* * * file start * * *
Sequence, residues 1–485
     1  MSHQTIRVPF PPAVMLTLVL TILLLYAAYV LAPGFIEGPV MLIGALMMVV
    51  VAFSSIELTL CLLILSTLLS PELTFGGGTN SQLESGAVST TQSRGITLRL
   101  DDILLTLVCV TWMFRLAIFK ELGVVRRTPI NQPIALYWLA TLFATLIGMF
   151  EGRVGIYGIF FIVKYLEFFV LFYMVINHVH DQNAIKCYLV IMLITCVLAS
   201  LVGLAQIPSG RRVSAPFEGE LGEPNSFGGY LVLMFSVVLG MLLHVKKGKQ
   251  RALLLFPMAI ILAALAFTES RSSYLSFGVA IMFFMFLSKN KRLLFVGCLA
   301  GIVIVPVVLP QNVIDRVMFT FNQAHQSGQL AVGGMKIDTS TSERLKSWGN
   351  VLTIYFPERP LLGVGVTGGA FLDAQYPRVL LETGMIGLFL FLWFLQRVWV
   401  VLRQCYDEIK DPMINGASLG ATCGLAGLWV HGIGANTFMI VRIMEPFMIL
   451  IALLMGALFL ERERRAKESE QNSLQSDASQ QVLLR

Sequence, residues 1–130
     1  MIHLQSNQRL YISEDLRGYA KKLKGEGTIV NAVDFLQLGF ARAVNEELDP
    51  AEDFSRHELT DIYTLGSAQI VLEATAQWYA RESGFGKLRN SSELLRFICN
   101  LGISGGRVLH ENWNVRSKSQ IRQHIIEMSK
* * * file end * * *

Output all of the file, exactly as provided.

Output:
Sequence, residues 1–485
     1  MSHQTIRVPF PPAVMLTLVL TILLLYAAYV LAPGFIEGPV MLIGALMMVV
    51  VAFSSIELTL CLLILSTLLS PELTFGGGTN SQLESGAVST TQSRGITLRL
   101  DDILLTLVCV TWMFRLAIFK ELGVVRRTPI NQPIALYWLA TLFATLIGMF
   151  EGRVGIYGIF FIVKYLEFFV LFYMVINHVH DQNAIKCYLV IMLITCVLAS
   201  LVGLAQIPSG RRVSAPFEGE LGEPNSFGGY LVLMFSVVLG MLLHVKKGKQ
   251  RALLLFPMAI ILAALAFTES RSSYLSFGVA IMFFMFLSKN KRLLFVGCLA
   301  GIVIVPVVLP QNVIDRVMFT FNQAHQSGQL AVGGMKIDTS TSERLKSWGN
   351  VLTIYFPERP LLGVGVTGGA FLDAQYPRVL LETGMIGLFL FLWFLQRVWV
   401  VLRQCYDEIK DPMINGASLG ATCGLAGLWV HGIGANTFMI VRIMEPFMIL
   451  IALLMGALFL ERERRAKESE QNSLQSDASQ QVLLR

Sequence, residues 1–130
     1  MIHLQSNQRL YISEDLRGYA KKLKGEGTIV NAVDFLQLGF ARAVNEELDP
    51  AEDFSRHELT DIYTLGSAQI VLEATAQWYA RESGFGKLRN SSELLRFICN
   101  LGISGGRVLH ENWNVRSKSQ IRQHIIEMSK